Space | 10. September 2018 | posted by Friederike Wütscher

Study of older athletes at the World Championships in Málaga – successful athletes show an overwhelming response to the MAFS study

100 Meter Lauf der Frauen 80%2d84 Jahre
Credit: DLR
After the women’s 100-metre race in the age group 80-84

The first few days of the MAFS study of ageing athletes at the World Championships in Málaga are over, and the team remains amazed by the overwhelming response. Some subjects have already scheduled tests for the second week, as the examination appointments at the stadium are almost completely booked for the first six days of the world championships and the athletes need to compete in their events as well. In the early hours the team is already assembled at the venue to set up the measurement stations, start up the equipment and drink a welcome cup of coffee before the first highly motivated and extremely athletic subjects start knocking on the door to complete the tests. Breakfast is also prepared for athletes who are scheduled for the resting metabolism test, which requires them to arrive with an empty stomach.##markend##

A breeze from the nearby beach always coms in through the open door, and the competition announcements and cheers for the exceptional athletes in the stadium are also audible in the MAFS room. However, a full study schedule prevents the researchers from following the performances of the competitors in the events, so they have to wait hear about their accomplishments in the high jump, sprints, throwing, long-distance races and the many other disciplines. Whenever they can, the scientists try to catch a glimpse of the stadium to cheer on an athlete for whom they have developed a particular fondness. Among them is 84-year-old Dorothy from Great Britain, a secret star who captured the hearts of the team with her British composure, her wit and, above all, her indomitable spirit and engaging nature. Also, the 76-year old high jumper from Switzerland, Walter Zbinden, a throat cancer survivor who has participated in the studies on older athletes for 10 years already, is always in the minds of the comparatively young MAFS team.

Credit: DLR
76-year-old Walter during the ultrasound examination of his calf muscles

Despite the rapid pace of examinations at the individual stations and the rising temperature in the study room over the course of the day, the researchers need to remain extremely focused to make certain they collect the data as precisely as possible. All of the examinations are conducted in the same room, with just thin partition walls between the individual stations, so the scientists and subjects do their best to avoid disturbing the other examinations. That is not always easy, as the sports scientist Edwin Mulder spends his time cheering enthusiastically for the subjects completing the jumping test, to motivate them to leap as high as possible.

And it helps:

Credit: DLR
The British runner Dorothy is 84 years old

The athletes remain faithful to the principle of ambitious performance, not just in their various competitions, but during the study examinations as well. All of them are highly motivated and determined to score well in each of the tests. An additional source of motivation is that they benefit personally from the study by receiving the results of the performance examinations from lead investigator Jörn Rittweger or Edwin Mulder, which they can then incorporate into their training. Their sporting achievements are quite impressive and provoke appreciative astonishment among the young, rather athletic, researchers. For example, Brazilian Yoshiyuki Shimizu won the final of the 100-metre race for the age group 90-94 in a time of 18.46 seconds. The men’s 100-metre sprint in the age group 70-74 went to the American athlete Charles Allie, who recorded a time of 13.22 seconds – a performance that most of the study team could not come close to, even on their best days. The women also put many of the younger sporting aces on the MAFS team to shame – the South African Aletta Ungerer took the ladies title at 100 metres in the age group 70-74 in a time of 16.59 seconds.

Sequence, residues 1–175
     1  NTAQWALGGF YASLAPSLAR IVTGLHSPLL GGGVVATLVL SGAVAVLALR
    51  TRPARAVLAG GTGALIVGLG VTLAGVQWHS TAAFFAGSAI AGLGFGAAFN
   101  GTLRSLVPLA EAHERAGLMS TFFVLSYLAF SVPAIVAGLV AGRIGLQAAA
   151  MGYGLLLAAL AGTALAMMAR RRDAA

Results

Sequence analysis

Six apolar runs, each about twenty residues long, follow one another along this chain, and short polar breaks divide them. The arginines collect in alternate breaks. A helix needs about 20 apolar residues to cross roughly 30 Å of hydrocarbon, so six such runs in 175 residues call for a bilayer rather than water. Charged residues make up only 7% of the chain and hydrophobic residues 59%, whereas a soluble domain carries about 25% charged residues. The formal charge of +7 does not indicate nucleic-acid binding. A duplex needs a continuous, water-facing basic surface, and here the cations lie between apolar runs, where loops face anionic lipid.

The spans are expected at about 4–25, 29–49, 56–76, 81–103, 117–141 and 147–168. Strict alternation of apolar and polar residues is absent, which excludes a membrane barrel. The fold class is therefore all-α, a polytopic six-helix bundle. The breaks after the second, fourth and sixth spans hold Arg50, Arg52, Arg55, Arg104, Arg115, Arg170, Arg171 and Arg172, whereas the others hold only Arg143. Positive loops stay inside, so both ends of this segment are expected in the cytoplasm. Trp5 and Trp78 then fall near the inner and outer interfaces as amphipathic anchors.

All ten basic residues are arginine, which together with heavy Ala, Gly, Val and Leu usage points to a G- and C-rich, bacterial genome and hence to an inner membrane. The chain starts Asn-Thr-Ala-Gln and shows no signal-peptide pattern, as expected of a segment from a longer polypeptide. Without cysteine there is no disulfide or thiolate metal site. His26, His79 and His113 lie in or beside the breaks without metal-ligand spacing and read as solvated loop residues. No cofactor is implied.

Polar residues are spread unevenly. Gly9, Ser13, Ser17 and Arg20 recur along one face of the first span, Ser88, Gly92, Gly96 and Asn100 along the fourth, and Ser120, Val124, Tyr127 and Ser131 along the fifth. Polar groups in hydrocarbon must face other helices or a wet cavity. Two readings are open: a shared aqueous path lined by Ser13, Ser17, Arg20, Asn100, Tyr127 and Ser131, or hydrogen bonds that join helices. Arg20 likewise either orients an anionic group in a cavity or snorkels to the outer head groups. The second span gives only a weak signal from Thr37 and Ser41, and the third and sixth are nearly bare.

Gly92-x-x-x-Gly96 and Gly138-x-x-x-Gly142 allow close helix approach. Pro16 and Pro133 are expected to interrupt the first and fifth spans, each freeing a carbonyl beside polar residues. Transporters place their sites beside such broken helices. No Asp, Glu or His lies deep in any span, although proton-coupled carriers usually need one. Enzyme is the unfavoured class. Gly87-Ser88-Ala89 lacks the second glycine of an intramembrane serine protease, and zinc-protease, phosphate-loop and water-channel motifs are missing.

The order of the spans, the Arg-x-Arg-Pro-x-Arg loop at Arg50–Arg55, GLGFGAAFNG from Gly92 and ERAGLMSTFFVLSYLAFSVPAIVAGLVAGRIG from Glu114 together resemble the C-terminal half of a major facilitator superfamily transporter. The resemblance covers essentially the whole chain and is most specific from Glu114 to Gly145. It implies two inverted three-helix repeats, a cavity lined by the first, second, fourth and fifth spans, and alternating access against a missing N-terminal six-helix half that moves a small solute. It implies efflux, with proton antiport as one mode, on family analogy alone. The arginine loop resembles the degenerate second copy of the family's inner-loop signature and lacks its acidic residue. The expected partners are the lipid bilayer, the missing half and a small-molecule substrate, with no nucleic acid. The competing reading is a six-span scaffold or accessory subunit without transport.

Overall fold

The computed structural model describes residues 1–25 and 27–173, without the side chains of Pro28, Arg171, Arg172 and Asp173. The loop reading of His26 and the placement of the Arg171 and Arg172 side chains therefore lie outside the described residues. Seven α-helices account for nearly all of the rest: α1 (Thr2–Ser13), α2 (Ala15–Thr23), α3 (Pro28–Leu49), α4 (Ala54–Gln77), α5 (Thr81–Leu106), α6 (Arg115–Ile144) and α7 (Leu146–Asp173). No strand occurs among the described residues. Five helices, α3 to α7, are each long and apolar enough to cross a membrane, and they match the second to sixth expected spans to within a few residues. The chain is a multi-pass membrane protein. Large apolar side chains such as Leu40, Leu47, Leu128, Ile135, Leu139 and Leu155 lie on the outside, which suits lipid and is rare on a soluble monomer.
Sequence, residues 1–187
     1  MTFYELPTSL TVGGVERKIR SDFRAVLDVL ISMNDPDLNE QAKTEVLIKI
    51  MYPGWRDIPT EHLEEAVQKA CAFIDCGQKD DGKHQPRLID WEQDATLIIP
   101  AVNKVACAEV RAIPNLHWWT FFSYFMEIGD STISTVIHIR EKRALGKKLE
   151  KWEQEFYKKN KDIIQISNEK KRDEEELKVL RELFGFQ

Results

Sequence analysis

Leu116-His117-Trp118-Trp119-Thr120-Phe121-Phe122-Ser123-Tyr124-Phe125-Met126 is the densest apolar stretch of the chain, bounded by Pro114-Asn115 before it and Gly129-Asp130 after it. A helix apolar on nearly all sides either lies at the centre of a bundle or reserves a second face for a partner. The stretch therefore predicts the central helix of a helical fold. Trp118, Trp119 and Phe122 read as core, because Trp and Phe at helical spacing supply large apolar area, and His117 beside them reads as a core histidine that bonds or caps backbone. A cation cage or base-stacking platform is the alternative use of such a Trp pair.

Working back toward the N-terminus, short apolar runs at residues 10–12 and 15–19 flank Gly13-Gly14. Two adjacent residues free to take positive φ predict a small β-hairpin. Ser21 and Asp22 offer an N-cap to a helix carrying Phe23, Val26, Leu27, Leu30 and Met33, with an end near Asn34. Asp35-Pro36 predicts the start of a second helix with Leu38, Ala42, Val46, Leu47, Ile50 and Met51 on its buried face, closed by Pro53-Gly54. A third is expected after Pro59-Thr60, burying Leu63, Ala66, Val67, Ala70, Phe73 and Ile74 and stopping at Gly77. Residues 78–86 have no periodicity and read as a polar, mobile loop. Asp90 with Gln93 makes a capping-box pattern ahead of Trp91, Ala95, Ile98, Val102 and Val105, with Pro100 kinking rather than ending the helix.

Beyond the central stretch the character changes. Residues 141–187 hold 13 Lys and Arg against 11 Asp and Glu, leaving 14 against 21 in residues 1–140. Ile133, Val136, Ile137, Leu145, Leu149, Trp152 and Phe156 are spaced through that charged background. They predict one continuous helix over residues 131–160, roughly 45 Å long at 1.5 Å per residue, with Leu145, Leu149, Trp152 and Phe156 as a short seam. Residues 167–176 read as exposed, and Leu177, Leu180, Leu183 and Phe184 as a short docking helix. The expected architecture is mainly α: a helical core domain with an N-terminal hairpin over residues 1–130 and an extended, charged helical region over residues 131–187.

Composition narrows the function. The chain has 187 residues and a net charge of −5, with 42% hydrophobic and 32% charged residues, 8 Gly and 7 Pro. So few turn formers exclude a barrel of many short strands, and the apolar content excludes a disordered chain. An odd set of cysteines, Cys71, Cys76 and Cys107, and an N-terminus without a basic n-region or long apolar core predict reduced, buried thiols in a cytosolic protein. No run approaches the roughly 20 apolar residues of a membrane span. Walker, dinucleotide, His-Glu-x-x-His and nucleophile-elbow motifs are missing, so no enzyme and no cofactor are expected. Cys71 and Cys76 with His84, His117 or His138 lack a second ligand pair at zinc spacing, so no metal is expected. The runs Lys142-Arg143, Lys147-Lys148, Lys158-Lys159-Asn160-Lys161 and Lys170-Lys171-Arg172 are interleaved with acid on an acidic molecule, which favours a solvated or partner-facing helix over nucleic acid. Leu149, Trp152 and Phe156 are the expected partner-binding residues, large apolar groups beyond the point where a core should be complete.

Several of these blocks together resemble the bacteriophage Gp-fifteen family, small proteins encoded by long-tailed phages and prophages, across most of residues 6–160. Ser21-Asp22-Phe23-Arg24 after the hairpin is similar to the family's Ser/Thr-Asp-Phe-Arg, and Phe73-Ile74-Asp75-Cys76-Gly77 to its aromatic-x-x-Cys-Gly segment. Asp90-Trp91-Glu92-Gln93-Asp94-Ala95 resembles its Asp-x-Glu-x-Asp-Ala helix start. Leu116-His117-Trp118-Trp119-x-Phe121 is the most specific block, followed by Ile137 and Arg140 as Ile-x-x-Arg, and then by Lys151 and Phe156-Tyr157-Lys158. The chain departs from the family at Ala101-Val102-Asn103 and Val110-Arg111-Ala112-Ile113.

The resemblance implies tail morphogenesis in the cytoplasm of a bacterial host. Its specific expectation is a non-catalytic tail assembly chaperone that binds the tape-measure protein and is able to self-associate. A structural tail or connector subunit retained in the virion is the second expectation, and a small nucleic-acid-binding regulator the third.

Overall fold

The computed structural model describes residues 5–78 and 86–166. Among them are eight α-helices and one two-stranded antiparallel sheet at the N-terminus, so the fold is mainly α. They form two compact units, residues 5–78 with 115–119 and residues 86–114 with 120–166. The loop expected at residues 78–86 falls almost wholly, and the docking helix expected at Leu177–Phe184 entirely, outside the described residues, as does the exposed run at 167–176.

The wide age range of the competitors seems to be a particular reason for the very good mood and great commitment on both sides. When the team gets together for a short feedback meeting in the evening – before ending the day over a Spanish beer – the conversation turns repeatedly to how impressed everyone is by the composure, performance and friendly manner of the athletes. Above all, the MAFS team is deeply impressed that the athletes remain so enthusiastically committed to their sport, often despite various difficulties and sacrifices. The diversity of cultural backgrounds, life experiences and the many personal achievements of the international contestants are other reasons why the team returns to their investigations each day with renewed enthusiasm. The athletes often stop by as the competition proceeds, to continue the initial exchange or to report on their results so far.

We look forward to many more great participants and continue to keep our fingers crossed!

Credit: DLR (CC-BY 3.0)
The MAFS team with athlete Dorothy

About the author

Friederike Wütscher is responsible for public relations at the DLR Institute of Aerospace Medicine. She presents the Institute’s diverse areas of work and research topics to the outside world. to authorpage

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